The 1950’s was the height of fashion as a force for social change and, to some degree, as a cultural movement.
In the years leading up to the Second World War, fashion was a major force in the political life of the United States, the social life of many countries, and the cultural life of Europe.
The 1950-1960s were also the height for the emergence of fashion labels, a new and powerful force in mass media, and a new form of mass culture.
Fashion magazines became the most important media in the world, and, more than any other era, it was an era of the mass production of clothing and accessories.
The mass production began in earnest during the early 1960s, when many American corporations began producing clothing for their customers in factories, and it expanded to the United Kingdom and other countries.
In 1960, the American consumer, with its large and diverse audience, demanded high-quality clothing at a reasonable price, and American corporations responded with a flood of new products and designs.
The American consumer was now more interested in quality than in price, as evidenced by the mass marketing of new items and the proliferation of mass-produced clothing.
The new products were the same designs that had been popular in Europe, but with a slight twist, with the result that they were much more durable, and better-looking.
This trend was especially evident in the 1960s when new clothing came in with new designs.
By the 1970s, mass production was so prevalent that many companies were not able to produce new designs because of the demand.
But, in the end, it wasn’t enough for the American public.
The products were also too expensive for many American consumers to wear them.
The United States had an extremely high consumer debt and was also one of the largest consumers of luxury goods.
The 1960s was also a time of enormous political turmoil and social unrest, which the American people were largely unable to control.
The great mass movements of the 1960-70s brought about the most significant changes in American society since the civil rights movement in the 1950s.
This was also the time of the rise of the women’s movement, which helped to change the face of American culture and politics.
This era also saw the rise and fall of the New Left.
The women’s movements were able to change many aspects of American society, but their influence on politics was limited by the fact that women did not share the same political power as men.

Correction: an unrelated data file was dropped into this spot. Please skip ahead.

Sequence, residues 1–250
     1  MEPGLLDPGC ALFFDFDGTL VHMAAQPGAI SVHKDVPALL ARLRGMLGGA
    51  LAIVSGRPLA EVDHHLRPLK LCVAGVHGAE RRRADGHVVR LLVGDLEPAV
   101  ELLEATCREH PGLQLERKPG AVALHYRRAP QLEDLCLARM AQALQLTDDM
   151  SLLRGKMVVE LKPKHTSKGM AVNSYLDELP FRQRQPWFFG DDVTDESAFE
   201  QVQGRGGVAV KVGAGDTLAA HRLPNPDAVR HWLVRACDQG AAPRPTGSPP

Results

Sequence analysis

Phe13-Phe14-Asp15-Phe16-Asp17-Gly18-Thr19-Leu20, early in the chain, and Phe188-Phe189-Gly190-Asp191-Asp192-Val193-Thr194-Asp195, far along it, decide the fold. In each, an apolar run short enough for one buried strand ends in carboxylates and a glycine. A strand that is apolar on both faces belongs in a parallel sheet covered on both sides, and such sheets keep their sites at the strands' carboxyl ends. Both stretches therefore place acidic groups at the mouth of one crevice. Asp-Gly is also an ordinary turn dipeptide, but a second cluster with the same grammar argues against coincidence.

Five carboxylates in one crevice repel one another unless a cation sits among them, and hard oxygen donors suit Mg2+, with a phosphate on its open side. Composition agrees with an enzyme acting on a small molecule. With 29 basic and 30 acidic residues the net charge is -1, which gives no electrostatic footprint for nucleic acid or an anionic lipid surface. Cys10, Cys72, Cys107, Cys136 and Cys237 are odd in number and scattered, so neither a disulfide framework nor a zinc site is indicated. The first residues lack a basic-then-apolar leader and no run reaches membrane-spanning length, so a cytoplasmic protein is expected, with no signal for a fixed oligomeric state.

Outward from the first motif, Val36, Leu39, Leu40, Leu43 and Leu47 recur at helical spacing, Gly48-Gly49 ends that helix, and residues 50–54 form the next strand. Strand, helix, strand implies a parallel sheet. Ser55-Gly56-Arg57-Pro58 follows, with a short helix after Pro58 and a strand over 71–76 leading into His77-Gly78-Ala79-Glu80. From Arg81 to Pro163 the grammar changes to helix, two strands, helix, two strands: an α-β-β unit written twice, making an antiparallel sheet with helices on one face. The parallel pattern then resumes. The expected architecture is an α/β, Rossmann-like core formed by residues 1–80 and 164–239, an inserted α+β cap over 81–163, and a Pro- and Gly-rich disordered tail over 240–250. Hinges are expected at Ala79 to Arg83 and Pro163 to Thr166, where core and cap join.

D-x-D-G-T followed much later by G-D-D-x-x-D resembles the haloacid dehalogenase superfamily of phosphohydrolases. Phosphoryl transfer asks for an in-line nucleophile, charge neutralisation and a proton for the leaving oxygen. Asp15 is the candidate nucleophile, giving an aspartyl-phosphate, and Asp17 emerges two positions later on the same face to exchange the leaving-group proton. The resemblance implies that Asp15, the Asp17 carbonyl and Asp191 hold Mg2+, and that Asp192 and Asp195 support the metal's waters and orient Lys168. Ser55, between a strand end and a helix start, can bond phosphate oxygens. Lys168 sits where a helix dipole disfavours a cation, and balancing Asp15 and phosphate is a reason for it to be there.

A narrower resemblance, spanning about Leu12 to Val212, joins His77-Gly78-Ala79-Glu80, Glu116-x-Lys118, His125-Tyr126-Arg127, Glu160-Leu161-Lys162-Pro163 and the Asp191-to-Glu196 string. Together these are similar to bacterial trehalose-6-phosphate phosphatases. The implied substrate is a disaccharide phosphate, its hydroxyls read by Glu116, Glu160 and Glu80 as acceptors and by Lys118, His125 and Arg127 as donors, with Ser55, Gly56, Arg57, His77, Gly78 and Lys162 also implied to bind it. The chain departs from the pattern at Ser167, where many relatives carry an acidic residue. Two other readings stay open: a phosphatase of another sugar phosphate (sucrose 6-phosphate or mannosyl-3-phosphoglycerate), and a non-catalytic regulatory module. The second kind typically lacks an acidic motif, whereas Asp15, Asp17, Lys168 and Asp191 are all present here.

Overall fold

Many women were not involved in politics, but were willing to support women’s causes, such as abortion rights and reproductive rights.
This also made it difficult for women to organize and to organize their own political movements.
The second period of the 1950’s also saw a major transformation of American media and culture.
It was the era of mass television, the rise to dominance of the television news network, and mass publishing, which made it possible for millions of people to be exposed to the latest news and culture, as well as to get a better understanding of what was happening in the society around them.
By this time, television and radio also were becoming a major source of information, particularly to people outside of the home.
The third period of 1950s fashion, the 1980s, was also marked by the rapid expansion of the fashion industry, and an increase in mass production.
The 1980s saw a dramatic change in the fashion trends, as the fashion designer, designer, and producer of today’s fashion industry was the fashion buyer.
Fashion was an increasingly important part of the American culture, and this was reflected in a great number of new trends, such, for example, the popularity of hip hop, which became more prevalent in the 1980, the shift toward electronic fashion, and more and more products for the digital age.
The fashion industry also expanded as a source of profit, and as a result, it created new types of jobs for American workers, including in the service industry, which is one of todays most important sectors.
However, fashion in the United Stated was not entirely controlled by a single industry.
The production of clothes was influenced by a wide range of industries, and fashion was not exclusively a male-dominated industry.
Some fashion designers were women, and many of the styles of clothing worn today by American women were created in the late 1960s and early 1970s by women.
Other fashion designers, such in the mid-1980s, were men, but the main designers of the 1980-90s were men who were involved in the mass-production of new clothing.
By now, many people in the US had become used to the idea of mass production, and now people had become accustomed to mass production at the expense of their physical health.
Mass production, or mass marketing, was not the only trend that was changing American society in the 1990s.
Other major changes in the American economy and society also occurred during this period.
In addition to mass manufacturing, mass transportation and mass telecommunications also played a role in the development of the economy. In these